When my daughter wad diagnosed with ADD I read up on the symptoms and it was like a checklist that explained my own life since childhood. I grew up in the 60s and 70s, when kids weren’t diagnosed with stuff, but if they had been, I probably would have been.

Still, I have my little things I’ve learned to do to manage that, but looking back over at least the past three or four years, one thing has cropped up as the root of all attention deficit evils in my work-from-home life, and that thing is the television.

Thanks to modern technology daytime TV isn’t just game shows, soap operas, and I Dream of Jeanie reruns, it’s literally anything and everything you want at your fingertips. So many movies, the Golden Age of TV that’s unfolding daily right now, documentaries on any conceivable subject…

So I go downstairs for lunch and the TV goes on—no, see? I need to start changing my own language: I turn the TV on.

And sometimes I can keep it to a single one hour episode of something, and sometimes I can watch thirty or forty minutes of a movie then turn it off and get back to work, but sometimes I fall into what ends up being an afternoon “off.”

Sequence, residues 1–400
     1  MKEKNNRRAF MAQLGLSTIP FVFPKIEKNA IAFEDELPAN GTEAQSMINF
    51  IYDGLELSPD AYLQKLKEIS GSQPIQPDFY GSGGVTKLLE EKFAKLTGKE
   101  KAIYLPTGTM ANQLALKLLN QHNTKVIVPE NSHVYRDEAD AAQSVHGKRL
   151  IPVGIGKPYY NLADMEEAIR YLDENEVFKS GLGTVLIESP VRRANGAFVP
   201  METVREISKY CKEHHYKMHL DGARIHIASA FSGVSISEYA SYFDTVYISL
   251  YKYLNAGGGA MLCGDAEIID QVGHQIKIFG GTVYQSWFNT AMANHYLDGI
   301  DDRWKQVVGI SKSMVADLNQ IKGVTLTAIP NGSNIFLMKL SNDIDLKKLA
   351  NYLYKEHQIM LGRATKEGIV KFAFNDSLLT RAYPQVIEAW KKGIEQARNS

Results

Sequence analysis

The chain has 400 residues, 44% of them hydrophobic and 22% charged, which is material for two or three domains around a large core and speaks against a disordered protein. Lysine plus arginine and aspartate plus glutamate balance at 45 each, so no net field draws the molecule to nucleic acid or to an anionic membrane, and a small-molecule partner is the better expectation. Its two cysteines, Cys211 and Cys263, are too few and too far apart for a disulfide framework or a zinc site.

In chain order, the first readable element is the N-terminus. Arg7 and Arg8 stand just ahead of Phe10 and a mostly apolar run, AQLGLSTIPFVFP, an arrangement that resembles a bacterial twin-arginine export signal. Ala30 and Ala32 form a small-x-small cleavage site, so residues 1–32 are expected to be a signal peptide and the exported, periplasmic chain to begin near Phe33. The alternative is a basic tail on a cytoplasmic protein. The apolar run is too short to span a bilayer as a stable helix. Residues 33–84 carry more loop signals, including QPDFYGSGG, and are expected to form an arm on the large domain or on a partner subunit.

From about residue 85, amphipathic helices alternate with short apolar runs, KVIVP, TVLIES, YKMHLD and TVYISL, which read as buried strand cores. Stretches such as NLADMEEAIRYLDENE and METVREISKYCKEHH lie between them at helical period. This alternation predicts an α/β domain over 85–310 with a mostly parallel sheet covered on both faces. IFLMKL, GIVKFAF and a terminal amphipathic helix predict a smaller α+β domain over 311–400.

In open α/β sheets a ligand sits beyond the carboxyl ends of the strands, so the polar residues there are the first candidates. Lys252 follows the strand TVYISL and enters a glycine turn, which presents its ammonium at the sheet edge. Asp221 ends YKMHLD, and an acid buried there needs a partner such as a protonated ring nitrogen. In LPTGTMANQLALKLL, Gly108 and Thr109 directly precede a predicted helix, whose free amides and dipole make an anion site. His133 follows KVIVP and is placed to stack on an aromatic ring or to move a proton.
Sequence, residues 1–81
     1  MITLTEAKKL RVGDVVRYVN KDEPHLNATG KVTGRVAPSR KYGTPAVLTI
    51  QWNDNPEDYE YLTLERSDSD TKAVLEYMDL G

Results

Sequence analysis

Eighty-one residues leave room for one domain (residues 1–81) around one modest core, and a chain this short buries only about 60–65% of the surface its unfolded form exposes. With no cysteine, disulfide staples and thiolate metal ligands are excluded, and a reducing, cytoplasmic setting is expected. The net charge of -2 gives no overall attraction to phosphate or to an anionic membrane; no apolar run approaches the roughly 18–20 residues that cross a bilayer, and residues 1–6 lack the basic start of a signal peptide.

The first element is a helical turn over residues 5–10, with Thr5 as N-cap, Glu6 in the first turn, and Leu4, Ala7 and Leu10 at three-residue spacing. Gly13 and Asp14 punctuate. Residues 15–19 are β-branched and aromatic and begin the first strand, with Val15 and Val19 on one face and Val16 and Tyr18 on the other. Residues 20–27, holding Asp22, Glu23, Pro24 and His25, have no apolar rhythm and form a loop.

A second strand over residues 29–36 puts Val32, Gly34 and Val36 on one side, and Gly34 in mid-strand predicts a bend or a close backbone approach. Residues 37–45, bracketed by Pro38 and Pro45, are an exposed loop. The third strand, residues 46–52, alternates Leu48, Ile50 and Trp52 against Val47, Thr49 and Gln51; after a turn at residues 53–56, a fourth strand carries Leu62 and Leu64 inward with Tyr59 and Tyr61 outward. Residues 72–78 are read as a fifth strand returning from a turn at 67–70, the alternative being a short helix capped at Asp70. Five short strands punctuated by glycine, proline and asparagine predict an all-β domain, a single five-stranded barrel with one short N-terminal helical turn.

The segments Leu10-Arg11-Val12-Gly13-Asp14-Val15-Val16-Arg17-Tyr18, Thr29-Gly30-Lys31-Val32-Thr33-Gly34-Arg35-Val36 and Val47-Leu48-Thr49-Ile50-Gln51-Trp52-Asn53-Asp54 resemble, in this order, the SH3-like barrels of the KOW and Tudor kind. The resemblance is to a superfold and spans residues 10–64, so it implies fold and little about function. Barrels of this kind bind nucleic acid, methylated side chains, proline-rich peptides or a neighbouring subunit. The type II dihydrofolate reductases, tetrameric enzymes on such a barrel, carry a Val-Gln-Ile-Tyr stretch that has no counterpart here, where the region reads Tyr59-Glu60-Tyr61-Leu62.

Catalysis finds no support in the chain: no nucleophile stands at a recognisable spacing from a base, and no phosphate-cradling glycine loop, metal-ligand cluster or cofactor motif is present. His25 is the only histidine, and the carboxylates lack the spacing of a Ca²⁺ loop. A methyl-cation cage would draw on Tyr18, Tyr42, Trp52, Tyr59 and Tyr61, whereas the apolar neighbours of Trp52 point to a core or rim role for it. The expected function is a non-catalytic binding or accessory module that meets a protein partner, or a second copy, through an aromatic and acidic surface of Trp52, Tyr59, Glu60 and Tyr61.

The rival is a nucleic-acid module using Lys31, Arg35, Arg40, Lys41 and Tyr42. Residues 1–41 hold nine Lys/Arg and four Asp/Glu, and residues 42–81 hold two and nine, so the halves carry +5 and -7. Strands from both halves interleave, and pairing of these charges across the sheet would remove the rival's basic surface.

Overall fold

I’m not editing. I’m not writing. I’m not reading. I’m not even keeping up on chores around the house, taking my dogs for a walk, exercising, or anything else.

This is especially problematic when I’m under a deadline crunch (which is pretty much all the time, because I take too many TV afternoons off) and particularly demoralizing when I realize I just blew a work day rewatching something I’ve seen before—maybe dozens of times before.

But something about that screen, man, it just sucks me in.

TV is the one thing—not the device itself but my own relationship with it—that is at the root of all “evil” in my working life. This is the one thing I need to climb on top of right now to make 2019 a big year for me as an editor, author, educator… father, homeowner… everything gets pushed aside by the next full rewatch of a series I’ve seen all the way through at least three times. Why would I possibly do that? What does that actually serve?